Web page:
Hope you have a good weekend everybody!
Hope you have a good weekend everybody!
Cathie Curtis writes, “My daughter finally succumbed to her personal struggle with mental illness and took her life four months ago at age 26. As parents we cannot let go of our children and need to find comfort in knowing that their lives will forever matter.” Cathie shares a few of Ashley’s reflections written shortly before she passed:
I entered college severely anorexic. I wasn’t really alive. But I also was so eager to learn. In high school I loved Hemingway, Steinbeck, and Sartre. I’ve always been a high achiever.
Frequently, I wonder what I’d be achieving if I wasn’t ridden with this illness. Eventually, I overcame it. I had three research assistantships. For my MA, I received a full tuition scholarship. I was presenting at national conferences. But there were dark days. Tomorrow is the anniversary of my first sexual assault. I tried to scrub myself clean with no avail. I went to my professor’s office the next day and cried. But I had so much support. It’s a feeling that I can’t describe.
I moved halfway across the country for a doctoral degree. From day one, I was physically ill. I have never seen as many emergency rooms and hospital beds in the entirety of my life. I had a subdural hematoma. My brain was bleeding. I had severe withdrawals that compromised my health. I’ve had three spontaneous seizures. But I went above and beyond to prioritize my education.
However, my institution didn’t see it that way. They ignored the fact that every research assistant under a specific professor is problematic. I lost it all during the time that I was gaining control of my life. It’s messy and not logistical by any means.
I am here because I respect and value my co-chairs and dissertation committee. I respect and value Northwestern for my acceptance. Last night, I realized that both of my professors had already submitted letters of recommendation and I almost cried. I emailed them my sentiments. These are the things that keep me going in academia when I feel like everything is falling apart. These educators are incredible to say the least.
I value education. Perhaps I’m a bit compulsive in nature. But I am ALIVE. I look at that picture of a girl on her high school graduation day that could hardly fake a smile. Sometimes, I still do that because I know that my ambitions have not exceeded my talents and I will exhibit that explicitly.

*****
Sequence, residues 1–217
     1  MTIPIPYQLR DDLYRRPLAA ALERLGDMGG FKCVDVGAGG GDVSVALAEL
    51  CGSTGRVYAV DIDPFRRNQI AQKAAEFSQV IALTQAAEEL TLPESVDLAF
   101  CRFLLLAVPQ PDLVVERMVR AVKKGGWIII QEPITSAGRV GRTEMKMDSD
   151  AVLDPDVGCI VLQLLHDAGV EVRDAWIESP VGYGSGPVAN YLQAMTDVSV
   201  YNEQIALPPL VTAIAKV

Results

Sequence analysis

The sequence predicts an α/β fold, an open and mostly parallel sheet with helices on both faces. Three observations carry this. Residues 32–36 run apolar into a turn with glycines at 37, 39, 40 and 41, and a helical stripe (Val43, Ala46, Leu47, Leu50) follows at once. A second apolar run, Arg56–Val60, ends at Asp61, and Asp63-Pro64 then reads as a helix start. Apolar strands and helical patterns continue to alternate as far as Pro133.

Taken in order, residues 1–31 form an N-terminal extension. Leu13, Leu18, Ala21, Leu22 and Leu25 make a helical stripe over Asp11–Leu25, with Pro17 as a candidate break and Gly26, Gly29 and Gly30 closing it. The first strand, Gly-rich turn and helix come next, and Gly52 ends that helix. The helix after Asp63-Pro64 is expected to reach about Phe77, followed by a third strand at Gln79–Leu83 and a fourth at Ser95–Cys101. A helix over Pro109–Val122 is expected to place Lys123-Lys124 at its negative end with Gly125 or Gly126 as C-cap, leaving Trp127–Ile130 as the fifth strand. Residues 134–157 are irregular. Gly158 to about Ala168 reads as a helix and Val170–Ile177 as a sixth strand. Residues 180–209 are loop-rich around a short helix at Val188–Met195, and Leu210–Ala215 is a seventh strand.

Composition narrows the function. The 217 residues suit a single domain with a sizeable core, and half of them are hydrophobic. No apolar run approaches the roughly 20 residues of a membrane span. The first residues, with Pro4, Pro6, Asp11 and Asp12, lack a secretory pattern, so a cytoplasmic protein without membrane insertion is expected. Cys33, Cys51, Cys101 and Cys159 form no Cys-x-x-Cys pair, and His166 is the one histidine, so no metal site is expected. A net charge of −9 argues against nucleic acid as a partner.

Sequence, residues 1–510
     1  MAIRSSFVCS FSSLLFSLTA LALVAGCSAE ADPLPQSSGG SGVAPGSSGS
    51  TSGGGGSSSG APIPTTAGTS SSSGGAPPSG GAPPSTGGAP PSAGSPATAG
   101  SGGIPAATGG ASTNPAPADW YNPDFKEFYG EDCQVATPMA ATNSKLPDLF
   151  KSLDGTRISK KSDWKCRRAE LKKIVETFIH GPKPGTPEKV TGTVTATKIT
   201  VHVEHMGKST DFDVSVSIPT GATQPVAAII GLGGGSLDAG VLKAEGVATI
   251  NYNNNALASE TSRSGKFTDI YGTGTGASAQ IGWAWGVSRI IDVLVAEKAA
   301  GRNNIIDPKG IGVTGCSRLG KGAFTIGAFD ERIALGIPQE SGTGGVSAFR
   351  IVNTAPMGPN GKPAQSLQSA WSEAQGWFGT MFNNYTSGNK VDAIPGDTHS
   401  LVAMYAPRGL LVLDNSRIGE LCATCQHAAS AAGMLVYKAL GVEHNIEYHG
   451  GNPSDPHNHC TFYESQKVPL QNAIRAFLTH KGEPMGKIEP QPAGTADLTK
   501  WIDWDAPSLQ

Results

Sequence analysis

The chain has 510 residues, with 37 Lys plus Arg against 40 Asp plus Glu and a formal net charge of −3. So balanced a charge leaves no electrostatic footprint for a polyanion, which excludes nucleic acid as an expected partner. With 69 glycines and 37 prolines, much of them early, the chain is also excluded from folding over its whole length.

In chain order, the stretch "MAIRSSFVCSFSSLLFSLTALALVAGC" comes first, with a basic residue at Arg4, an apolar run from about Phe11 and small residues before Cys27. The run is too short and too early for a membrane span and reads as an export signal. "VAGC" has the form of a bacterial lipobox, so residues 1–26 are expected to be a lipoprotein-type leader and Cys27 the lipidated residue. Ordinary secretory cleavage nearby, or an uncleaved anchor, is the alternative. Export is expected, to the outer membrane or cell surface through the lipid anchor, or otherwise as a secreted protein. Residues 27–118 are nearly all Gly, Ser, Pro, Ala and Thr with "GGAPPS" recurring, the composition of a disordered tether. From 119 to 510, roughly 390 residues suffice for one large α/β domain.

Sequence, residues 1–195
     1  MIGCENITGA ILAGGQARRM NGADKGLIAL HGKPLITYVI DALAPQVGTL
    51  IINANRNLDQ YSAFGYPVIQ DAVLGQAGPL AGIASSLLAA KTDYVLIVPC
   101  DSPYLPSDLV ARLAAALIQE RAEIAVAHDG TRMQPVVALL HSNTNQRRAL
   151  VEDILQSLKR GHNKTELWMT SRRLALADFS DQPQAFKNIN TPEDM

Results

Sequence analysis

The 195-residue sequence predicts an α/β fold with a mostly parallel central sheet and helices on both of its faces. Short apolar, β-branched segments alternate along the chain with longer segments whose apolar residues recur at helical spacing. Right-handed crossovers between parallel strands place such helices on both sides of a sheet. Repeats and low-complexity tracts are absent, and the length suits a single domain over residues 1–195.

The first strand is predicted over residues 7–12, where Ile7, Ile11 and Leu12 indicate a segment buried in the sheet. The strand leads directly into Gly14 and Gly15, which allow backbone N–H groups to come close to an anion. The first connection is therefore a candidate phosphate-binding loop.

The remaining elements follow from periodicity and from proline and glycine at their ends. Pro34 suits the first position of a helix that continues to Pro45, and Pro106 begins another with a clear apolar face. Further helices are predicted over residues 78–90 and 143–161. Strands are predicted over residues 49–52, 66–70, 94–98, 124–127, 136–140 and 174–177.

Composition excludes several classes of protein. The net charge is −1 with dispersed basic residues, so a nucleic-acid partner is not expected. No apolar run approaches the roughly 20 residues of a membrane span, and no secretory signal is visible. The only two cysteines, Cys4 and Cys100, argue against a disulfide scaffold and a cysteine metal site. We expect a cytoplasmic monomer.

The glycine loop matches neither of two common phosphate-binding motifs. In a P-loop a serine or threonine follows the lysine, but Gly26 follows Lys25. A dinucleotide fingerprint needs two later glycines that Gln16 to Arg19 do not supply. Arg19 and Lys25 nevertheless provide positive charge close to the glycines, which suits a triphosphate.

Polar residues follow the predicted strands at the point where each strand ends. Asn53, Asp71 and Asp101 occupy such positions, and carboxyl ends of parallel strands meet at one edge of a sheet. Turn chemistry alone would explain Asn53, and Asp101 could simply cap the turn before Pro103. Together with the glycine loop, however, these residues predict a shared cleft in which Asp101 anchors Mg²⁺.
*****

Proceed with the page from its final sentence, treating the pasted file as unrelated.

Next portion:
I conquered something that almost killed me and lost everything I worked for.
But there are still sunflowers. And I still open my blinds to let the sun in. Yes, it’s degrading. But I force a smile and remember that I have always given 100%, and that helps me sleep at night.
Growth is painful. Change is painful. But nothing is as painful as staying stuck where you do not belong. I grew amidst a time when I was losing everything I worked for. And no, it is not okay.
I cried because it does things to you to always come second.
More from Ashley that her mother, Cathie, recently found on her cellphone:
I seldom use this platform anymore so it’s all the more difficult to be vulnerable, but I’ve discovered this wonderful organization called “Project I Define Me.” If you know me, you know that I’m committed to destigmatization and promoting awareness surrounding mental health. Recently, I have overcome some of the most difficult things in my life and I’m proud to be where I am today. I want to empower and inspire others to do the same. Person-first language is so important and during this ongoing journey I’ve really learned how grossly misunderstood mental health is. I am more than a label or a diagnosis — I am a daughter, friend, sister, girlfriend, and PhD student. I am Ashley, and I’m here to tell you that I define me.
Earlier in the week, Jerri Clark’s 23 year-old son killed himself. On March 28, Jerri wrote:
Today, extended family of our beloved Calvin Clark arrive in Vancouver, WA, to celebrate his brief but spectacular life and to mourn with us. Deborah Wang, reporter for KUOW, released this article (below).
Deborah interviewed my husband and me as we packed up Calvin's apartment in Seattle last week. She captured some of the complex emotions that flooded us that day and that continue to surge through our systems as we process this tremendous loss and seek a path forward. My goal is not happiness but human understanding and compassion within the complexity of life. I'd like to explain this a little more.